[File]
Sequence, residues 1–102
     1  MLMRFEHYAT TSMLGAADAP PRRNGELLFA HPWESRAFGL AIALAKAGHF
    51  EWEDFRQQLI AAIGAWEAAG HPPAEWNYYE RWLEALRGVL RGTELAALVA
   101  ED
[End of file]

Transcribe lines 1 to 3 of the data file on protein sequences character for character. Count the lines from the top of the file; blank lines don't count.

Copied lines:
Sequence, residues 1–102
     1  MLMRFEHYAT TSMLGAADAP PRRNGELLFA HPWESRAFGL AIALAKAGHF
    51  EWEDFRQQLI AAIGAWEAAG HPPAEWNYYE RWLEALRGVL RGTELAALVA